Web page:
Jury convicts businessman, former accountant of tax evasion of $50 million

Once a co-owner of one of the nation's largest precast concrete manufacturers, John Stanton is now facing up to 10 years in federal prison after a federal jury convicted him Monday of federal tax evasion charges.

Stanton co-owned Cast-Crete Corp. with the late conservative powerbroker Ralph Hughes. Stanton was convicted after a week-long trial on one charge of attempting to impede the administration of federal tax laws and seven counts of failing to file personal and corporate tax returns for several years.

Prosecutors say Stanton siphoned millions from the company through a series of shell corporations, failed to file tax returns and tried to confuse an IRS auditor. The prosecution said Stanton funneled so much money from Cast-Crete that the corporation was unable to pay more than $50 million in federal tax liabilities.

Jurors deliberated about four hours before handing up their verdict: guilty of all eight charges.

Stanton showed no reaction to the verdict, although some friends and family members in court, including his pregnant girlfriend, sobbed quietly.

During a break in the proceedings, Stanton turned to his supporters and said, "Stay positive."

Stanton's son, also named John, told reporters afterward, "His life on a balance sheet -- he's a good father and I love him."

Defense lawyer Paul DeCailly said an appeal would be discussed.

Cast-Crete's current chief financial officer, James Lambeth, said it was "a sad day for his family," referring to Stanton.

Ralph Hughes' son, Shea, who has taken over running Cast-Crete, said he thinks what happened is "a shame for so many people ... So many decisions that nobody to this day even understands why John did what he did."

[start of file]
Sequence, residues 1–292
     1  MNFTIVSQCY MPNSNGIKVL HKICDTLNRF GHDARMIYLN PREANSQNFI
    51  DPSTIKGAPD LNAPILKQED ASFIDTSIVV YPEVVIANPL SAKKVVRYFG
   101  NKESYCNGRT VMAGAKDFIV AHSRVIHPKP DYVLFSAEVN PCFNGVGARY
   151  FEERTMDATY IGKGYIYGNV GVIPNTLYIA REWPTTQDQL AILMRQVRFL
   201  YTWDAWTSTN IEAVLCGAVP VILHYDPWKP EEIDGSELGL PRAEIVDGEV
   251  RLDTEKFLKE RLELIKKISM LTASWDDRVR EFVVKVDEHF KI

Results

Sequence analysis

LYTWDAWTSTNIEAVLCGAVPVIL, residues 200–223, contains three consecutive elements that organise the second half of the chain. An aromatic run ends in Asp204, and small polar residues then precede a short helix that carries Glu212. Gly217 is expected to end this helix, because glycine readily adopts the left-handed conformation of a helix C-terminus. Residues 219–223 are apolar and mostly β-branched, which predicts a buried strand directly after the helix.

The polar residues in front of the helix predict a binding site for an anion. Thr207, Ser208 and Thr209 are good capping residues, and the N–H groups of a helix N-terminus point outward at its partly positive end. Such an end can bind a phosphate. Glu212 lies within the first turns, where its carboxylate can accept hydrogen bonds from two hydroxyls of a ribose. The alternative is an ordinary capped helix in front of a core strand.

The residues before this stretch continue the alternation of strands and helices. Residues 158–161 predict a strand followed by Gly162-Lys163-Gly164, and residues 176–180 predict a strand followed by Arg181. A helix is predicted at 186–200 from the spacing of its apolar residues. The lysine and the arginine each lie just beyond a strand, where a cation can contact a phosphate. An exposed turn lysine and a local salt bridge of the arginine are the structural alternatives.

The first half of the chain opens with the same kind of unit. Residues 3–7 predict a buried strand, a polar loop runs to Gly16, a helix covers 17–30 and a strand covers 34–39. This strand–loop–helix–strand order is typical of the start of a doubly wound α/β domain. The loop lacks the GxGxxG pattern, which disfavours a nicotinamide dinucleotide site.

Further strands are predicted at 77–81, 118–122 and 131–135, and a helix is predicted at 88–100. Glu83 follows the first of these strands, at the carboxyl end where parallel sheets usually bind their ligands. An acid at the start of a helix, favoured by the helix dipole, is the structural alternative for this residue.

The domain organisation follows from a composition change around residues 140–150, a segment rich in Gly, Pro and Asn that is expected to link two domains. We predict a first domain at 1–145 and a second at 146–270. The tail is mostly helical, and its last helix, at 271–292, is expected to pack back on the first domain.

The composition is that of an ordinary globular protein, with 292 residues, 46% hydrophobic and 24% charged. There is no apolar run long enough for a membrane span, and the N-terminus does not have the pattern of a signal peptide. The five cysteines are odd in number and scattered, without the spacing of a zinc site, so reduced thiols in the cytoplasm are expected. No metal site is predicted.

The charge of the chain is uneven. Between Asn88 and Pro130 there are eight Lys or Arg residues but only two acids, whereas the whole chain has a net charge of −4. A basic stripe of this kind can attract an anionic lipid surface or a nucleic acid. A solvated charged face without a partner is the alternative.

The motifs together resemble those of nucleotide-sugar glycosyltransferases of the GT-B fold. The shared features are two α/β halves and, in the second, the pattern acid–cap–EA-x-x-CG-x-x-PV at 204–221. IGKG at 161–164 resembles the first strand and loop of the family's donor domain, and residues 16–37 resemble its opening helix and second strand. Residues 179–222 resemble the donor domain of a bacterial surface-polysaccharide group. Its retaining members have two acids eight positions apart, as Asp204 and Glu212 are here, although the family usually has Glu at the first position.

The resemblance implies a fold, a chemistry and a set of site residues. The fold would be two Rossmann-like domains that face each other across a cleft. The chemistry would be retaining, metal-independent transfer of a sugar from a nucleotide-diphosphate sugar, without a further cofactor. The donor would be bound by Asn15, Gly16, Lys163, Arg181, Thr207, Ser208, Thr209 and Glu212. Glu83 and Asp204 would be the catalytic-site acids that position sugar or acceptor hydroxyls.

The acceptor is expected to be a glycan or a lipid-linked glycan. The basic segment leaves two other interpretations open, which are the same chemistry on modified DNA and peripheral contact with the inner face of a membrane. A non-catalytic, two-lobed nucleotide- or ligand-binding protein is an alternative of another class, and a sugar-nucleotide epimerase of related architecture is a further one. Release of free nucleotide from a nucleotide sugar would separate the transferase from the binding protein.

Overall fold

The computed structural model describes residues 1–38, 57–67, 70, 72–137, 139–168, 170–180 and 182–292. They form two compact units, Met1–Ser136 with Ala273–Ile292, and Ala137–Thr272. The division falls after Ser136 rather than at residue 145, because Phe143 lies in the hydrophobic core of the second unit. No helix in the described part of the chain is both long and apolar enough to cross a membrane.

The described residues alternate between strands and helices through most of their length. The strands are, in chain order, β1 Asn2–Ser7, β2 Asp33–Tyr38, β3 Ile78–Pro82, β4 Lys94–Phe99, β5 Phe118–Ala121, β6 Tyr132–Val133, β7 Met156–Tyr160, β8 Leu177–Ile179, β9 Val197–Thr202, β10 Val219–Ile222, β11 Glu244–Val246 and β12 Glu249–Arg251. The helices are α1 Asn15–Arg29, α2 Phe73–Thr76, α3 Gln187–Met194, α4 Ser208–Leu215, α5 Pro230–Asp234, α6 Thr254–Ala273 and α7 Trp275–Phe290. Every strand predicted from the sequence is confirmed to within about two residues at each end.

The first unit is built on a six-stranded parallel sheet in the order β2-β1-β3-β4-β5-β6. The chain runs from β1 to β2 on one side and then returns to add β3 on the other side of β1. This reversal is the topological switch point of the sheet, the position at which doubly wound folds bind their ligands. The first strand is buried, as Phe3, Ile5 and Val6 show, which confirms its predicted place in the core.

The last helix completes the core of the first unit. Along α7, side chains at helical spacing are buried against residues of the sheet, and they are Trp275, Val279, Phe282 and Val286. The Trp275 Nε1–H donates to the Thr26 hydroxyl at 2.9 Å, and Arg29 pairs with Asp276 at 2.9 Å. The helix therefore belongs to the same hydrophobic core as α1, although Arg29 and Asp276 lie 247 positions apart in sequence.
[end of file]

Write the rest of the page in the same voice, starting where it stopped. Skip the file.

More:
DeCailly said in closing arguments that Stanton chose accuracy over timeliness, not filing corporate tax returns because of confusion over a planned merger. Stanton, the lawyer said, was unsure which company should have filed the returns. And he said that confusion created uncertainty about what should be on Stanton's personal returns.

Stanton believed that had the mergers gone through the way he planned, the company would have had no tax liability.

"John testified he didn't want to file false tax returns," DeCailly said, also shifting responsibility to Hughes. "It's clear that while John Stanton may have been president, Ralph Hughes ran the company."

"I'm not going to speculate as to whether Ralph Hughes would have been a defendant had he lived," responded Assistant U.S. Attorney Robert Monk, "but none of the arguments (the defense) has made distracts from his culpability, not one bit."

Monk also noted that Hughes and other company directors filed their own personal tax returns, although the directors were fined for underpaying.

Monk said Stanton, a former accountant with 30 years of business experience, knew the law required that tax returns be filed for corporations regardless of tax liability. Some of the returns have yet to be filed even though the corporation and Stanton made millions in those years, Monk said.

DeCailly accused the prosecution of trying to foment envy on the part of jurors by introducing evidence of expensive cars and houses Stanton purchased. The point of investing money in a company and building it up with a partner is to reap the financial rewards, the defense lawyer said.

"Stanton drained, sucked everything out of that corporation," Monk said. "There was no money left to pay taxes."

Monk noted none of the cars or properties -- none of Stanton's assets, in fact -- were in his name. His plan, the prosecutor said, was to create confusion for the IRS.

Shea Hughes and Lambeth said Cast-Crete was nearly bankrupted by what happened but they have managed to resuscitate the corporation, which now employs about 135 people. It had 450 at its peak a few years ago.

The company now has annual revenue of about $24 million, compared to $190 million when it was flush.

"Thank God we've turned the corner and we're seeing the light at the end of the tunnel," Hughes said, "and it's not a train."


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